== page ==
Wishful thinking from the Washington Post, or the inevitable course of becoming the world’s villains? Western sanctions may not have deterred Vladimir Putin from invading Ukraine, but they may have begun to undermine his standing at home. The isolation and deprivation of Russians have hammered morale, even if Putin’s fascist regime keeps them from talking too openly about it:
Russian hardships may be trivial by contrast, but the deadening gloom of a long war worries the Kremlin, according to analysts, because of the challenge of dragging the population along as sanctions bite, businesses retrench, prices continue to surge, and it dawns on people that life may never go back to the way it was. …
The conflict, however, is taking a toll on Russians like Marina, 57, a language teacher, whose friends are so weary of the war, they avoid the topic. She succeeded in changing the minds of a few friends and relatives who supported the war. “But in general, it seems everyone is sick and tired of the war or special operation. People have their own problems and the main problem is survival, especially with the rising prices.”
Marina acknowledged that few Russians are opposed to the war and most are finding a way to “get by somehow.” But she added: “This ‘somehow’ is becoming boring. Most people got tired of it. I want to travel. Others want to be able to plan. We want to get back to our ordinary lives.”
The Putin-regime propaganda still has an enormous impact, Robyn Dixon reports, but it’s tough to tell how much real impact it has, as opposed to pressure to keep quiet. Thus far open dissent is still rare, and people still buy into Putin’s claims to be defending Russia against an encroaching West. However, conversations where people enthusiastically supported that position have dried up as the impact of global isolation and calumny become clearer. Many Russians of means like travel to the West, including the US, but now can no longer leave their country — even if they can afford to do so.
Meanwhile, Dixon notes, a sense of depression has arisen over the long-term implications of Putin’s war. Decades of foreign investment and engagement in Russia have disappeared practically overnight, and it’s beginning to dawn on Russians that those may not return for a generation or more. The canary in this proverbial coal mine is, ironically, the canary-colored arches that disappeared in the last few weeks:
“Now I feel as if there’s no future and it’s very depressing.” She ached when McDonalds’ golden arches were removed not for any love of the burgers or fries, but for the idea it represented.
“I’m really upset about McDonald’s, and I really mean it. McDonald’s has always been a symbol of freedom for me. I remember when the first McDonald’s opened in Moscow,” she said recalling the queues in 1990s months before the Soviet Union collapsed. “It felt like the light at the end of the tunnel.”
The isolation has even granted a glimpse to ordinary Russians of how the rest of the world sees Russia:
Viktor thought war would rage about two months. “Now it will take years, and it’s a disaster. It’s not only losing lives. In the years to come we will be living in poverty and we will be hated again like the fascists in Germany in World War II — like we are the new fascists.”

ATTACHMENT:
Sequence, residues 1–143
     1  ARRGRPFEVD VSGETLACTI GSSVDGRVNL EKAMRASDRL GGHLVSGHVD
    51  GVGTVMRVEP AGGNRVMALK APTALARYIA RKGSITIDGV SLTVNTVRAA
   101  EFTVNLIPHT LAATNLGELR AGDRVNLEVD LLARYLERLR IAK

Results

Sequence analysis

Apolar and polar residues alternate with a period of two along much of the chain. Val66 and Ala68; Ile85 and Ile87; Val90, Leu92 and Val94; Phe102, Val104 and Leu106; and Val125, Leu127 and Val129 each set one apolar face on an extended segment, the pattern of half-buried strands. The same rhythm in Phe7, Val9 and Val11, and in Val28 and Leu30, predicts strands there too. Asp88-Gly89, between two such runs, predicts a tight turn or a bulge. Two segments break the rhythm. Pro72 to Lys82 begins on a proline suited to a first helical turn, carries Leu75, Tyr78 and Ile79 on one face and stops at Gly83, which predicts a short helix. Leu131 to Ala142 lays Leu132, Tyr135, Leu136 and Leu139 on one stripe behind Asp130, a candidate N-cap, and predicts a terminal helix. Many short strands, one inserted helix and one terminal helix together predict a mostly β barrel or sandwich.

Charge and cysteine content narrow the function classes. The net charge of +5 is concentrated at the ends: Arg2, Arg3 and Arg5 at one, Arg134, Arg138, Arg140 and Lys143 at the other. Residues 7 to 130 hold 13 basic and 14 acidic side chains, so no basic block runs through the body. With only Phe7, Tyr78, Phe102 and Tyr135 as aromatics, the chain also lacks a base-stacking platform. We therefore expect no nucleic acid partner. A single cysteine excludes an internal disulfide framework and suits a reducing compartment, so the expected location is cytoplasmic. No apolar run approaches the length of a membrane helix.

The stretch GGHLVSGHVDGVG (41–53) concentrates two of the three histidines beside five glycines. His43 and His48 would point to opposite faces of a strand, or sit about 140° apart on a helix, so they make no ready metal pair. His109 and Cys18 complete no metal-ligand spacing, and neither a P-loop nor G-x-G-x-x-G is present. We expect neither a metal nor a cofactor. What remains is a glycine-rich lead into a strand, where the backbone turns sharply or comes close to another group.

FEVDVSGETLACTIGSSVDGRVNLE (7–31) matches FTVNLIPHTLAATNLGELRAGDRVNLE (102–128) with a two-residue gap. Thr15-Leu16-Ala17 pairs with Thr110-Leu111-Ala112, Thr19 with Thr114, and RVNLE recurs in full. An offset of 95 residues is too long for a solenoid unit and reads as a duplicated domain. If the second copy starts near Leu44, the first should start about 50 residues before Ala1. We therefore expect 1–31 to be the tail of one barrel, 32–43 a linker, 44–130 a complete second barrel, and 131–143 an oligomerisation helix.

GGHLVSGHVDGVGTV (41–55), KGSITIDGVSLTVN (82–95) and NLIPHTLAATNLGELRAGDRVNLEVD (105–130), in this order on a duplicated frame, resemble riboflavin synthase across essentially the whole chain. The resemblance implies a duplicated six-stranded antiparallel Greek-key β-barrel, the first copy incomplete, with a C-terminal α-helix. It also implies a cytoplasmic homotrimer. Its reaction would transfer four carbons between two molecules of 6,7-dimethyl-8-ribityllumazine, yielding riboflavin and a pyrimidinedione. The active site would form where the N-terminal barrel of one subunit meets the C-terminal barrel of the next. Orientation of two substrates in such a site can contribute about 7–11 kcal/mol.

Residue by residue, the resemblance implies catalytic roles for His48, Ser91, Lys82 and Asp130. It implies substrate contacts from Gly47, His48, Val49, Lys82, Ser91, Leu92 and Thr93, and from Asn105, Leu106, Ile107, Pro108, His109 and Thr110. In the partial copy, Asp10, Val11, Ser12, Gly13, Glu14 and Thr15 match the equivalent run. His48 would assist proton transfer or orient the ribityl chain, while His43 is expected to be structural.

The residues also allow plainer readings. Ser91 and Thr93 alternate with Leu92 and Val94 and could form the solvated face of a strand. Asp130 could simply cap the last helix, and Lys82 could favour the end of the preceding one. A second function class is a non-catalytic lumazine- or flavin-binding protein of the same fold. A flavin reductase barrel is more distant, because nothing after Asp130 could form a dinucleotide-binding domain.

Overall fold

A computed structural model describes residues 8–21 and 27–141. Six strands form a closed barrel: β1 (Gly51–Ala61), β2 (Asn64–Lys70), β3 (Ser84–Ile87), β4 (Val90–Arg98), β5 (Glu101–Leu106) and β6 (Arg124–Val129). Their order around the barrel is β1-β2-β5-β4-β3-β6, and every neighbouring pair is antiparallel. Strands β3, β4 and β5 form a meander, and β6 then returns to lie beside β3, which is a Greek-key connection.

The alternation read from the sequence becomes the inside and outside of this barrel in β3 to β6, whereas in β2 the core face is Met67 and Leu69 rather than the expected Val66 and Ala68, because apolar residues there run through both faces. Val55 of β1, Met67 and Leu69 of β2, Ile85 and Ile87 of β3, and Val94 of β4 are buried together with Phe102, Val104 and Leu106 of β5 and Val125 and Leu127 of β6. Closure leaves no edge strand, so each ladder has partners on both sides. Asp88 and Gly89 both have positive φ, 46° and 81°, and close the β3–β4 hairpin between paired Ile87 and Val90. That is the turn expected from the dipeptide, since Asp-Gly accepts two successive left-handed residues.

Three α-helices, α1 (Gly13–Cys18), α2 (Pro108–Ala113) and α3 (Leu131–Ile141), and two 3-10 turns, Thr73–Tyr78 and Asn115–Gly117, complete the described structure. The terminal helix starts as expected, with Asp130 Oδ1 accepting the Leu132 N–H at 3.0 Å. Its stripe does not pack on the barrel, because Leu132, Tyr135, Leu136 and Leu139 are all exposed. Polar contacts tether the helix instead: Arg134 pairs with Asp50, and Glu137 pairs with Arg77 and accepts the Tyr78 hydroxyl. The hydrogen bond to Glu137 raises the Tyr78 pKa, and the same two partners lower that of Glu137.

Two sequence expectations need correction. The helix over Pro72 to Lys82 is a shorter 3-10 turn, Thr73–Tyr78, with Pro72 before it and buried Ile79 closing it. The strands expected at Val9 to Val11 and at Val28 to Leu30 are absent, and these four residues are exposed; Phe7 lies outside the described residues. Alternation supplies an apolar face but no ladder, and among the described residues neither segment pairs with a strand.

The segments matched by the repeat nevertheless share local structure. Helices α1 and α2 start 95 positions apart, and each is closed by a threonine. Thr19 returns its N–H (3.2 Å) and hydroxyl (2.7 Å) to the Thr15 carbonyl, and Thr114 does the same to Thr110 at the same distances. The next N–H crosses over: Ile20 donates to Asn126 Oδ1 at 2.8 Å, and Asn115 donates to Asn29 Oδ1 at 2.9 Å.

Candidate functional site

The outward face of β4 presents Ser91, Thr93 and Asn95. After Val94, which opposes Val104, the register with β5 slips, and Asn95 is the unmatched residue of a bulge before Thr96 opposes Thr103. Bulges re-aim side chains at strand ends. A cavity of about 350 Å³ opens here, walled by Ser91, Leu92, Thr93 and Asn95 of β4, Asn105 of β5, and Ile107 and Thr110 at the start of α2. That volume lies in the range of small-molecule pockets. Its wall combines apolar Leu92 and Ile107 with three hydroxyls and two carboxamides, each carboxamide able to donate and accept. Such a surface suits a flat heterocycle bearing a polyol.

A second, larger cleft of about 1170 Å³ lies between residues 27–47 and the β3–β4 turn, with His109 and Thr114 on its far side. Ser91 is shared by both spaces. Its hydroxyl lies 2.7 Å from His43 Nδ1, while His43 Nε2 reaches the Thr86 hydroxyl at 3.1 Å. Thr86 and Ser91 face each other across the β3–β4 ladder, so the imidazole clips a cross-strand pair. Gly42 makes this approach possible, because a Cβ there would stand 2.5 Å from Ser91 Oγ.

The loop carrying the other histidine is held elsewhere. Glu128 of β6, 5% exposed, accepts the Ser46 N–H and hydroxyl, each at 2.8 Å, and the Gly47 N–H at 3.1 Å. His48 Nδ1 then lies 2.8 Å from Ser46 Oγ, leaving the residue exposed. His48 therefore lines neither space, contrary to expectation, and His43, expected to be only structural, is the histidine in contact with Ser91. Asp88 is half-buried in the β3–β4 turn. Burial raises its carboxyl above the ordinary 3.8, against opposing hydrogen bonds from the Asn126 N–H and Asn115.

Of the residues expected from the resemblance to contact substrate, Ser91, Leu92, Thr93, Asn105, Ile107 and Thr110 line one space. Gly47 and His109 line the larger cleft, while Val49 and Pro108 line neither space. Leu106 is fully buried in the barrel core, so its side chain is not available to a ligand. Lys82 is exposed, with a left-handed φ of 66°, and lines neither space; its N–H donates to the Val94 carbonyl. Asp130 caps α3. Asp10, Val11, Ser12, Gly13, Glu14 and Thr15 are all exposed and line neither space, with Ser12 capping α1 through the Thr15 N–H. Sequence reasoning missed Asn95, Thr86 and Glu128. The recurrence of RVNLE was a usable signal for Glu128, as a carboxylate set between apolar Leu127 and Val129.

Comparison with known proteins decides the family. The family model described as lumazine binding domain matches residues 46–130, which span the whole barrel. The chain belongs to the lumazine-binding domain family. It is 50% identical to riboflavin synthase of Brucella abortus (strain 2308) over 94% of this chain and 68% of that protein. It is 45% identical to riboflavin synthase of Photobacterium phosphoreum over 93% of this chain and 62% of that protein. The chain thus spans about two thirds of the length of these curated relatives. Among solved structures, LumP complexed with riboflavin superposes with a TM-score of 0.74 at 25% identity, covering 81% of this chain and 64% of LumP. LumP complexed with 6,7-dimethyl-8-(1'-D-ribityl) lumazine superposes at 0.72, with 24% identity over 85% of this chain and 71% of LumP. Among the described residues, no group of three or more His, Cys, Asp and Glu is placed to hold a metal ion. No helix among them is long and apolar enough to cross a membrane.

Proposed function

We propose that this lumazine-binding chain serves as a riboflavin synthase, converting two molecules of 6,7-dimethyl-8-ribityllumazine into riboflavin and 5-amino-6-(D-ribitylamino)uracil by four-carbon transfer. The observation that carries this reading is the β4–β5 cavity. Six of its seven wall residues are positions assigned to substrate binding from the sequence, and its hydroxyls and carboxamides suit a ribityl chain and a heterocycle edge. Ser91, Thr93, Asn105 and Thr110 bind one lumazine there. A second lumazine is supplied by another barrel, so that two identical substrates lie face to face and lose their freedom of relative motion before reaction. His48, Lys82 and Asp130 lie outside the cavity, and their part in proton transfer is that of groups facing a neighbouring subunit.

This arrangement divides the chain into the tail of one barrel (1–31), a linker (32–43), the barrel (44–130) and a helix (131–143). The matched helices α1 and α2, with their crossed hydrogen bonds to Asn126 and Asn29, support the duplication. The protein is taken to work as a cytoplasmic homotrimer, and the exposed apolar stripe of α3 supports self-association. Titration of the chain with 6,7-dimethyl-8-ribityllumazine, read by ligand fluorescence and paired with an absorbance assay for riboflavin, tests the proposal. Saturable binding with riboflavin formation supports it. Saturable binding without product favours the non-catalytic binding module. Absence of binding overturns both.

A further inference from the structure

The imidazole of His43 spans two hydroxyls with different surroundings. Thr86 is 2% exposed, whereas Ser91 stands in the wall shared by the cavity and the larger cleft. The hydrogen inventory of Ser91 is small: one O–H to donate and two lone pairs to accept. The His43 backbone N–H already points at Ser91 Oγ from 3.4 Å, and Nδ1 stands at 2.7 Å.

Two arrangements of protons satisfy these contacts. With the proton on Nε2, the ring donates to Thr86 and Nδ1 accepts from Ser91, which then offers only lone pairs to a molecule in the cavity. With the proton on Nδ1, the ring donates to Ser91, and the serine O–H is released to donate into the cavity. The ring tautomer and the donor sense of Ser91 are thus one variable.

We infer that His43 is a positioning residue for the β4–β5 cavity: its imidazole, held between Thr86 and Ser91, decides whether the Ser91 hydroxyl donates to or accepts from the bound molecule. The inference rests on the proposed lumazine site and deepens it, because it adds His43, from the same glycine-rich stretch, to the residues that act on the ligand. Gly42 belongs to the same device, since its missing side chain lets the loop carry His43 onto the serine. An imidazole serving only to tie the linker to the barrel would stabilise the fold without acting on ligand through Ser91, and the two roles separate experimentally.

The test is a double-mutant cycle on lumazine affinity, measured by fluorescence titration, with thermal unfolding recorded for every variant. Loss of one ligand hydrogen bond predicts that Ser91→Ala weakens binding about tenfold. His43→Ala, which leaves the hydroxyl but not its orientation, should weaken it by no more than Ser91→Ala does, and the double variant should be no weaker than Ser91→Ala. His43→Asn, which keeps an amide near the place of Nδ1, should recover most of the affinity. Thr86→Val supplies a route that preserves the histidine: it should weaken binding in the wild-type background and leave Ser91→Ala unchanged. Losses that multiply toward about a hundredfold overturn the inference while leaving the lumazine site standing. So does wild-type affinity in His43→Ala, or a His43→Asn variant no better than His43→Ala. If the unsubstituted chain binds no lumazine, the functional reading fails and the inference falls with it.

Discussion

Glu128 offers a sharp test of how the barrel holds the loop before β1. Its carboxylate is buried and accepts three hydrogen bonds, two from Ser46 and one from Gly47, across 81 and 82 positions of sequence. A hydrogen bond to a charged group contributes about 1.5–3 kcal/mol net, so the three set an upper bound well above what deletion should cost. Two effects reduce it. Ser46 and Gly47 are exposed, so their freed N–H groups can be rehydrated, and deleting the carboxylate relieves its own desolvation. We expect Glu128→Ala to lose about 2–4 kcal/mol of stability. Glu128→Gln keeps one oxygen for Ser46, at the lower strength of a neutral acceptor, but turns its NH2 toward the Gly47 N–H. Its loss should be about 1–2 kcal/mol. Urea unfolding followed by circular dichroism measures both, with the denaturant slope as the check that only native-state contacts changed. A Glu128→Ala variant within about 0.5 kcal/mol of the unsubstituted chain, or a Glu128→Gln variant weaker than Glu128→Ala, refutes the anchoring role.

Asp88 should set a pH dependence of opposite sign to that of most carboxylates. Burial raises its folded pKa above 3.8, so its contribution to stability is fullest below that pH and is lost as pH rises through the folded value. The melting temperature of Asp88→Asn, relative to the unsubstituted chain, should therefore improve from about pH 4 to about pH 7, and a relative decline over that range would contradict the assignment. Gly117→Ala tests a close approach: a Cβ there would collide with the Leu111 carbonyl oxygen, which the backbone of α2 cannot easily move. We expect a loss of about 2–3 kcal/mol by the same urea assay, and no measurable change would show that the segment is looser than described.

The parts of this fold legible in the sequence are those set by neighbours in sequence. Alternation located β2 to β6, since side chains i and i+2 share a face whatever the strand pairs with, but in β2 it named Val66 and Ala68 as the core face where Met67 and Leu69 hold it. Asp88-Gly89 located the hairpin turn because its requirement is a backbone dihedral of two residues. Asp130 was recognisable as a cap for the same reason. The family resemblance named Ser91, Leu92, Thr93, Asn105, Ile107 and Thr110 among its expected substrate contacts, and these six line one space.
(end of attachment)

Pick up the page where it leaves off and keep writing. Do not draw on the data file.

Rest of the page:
It’s not just “like,” tovarich. Your government is engaging in a genocidal attempt to wipe out Ukrainian identity, complete with ethnic cleansing and child abductions. In fact, Putin’s government openly brags about the latter:
One of my bigger Ls was when I thought that the claims of child kidnappings were vastly exaggerated Ukrainian propaganda, and then Russia just tweeted out they were real like it was no big deal pic.twitter.com/n7vUiK29AY
— Nikolaj🍦🧦🇺🇦 (@nikicaga) June 3, 2022
The dawning realization on Russian streets is that they are indeed now the “baddies,” and they’re not going to lose that status for at least a generation after Ukraine. And just wait until NATO expands into Finland as a direct result of Russian fascist genocide in Ukraine. Does Putin think that point will get missed for very long?
By the way, it’s not just ordinary Russians that are getting isolated. Foreign Minister Sergei Lavrov just discovered that NATO and the EU have blocked his diplomatic flights into Europe:
Serbia and Russia confirmed Monday that a planned visit by Russia’s foreign minister to the Balkan country will not take place, with Moscow accusing the West of preventing the trip by blocking the envoy’s plane flight.
The announcement followed reports that Serbia’s neighbors — Bulgaria, North Macedonia and Montenegro — had refused to allow Sergey Lavrov’s plane to fly through their airspace to reach Serbia.
“An unthinkable thing has happened,” Lavrov said during an online news conference Monday. “A sovereign state has been deprived of its right to conduct foreign policies. The international activities of Serbia on the Russian track have been blocked.”
That’s what happens when a sovereign state invades another sovereign state, Mr. Lavrov. And this is especially laughable:
The Russian foreign minister said the West has trampled on the principle of a free choice of foreign policy partners.
“From the Western viewpoint, Serbia mustn’t have any choice, any freedom in choosing its partners,” he said. “The West clearly shows that it would use any base means to apply pressure.”
Why did Russia claim it needed to invade Ukraine? They said that they could not allow Ukraine to align itself with NATO or the EU — precisely the same act of a sovereign state choosing its partners. Lavrov and Putin had no problem “trampling” on that principle in February, along with trampling over millions of Ukrainians along the way. Russians had better prepare themselves for decades of isolation as long as these fascists remain in power.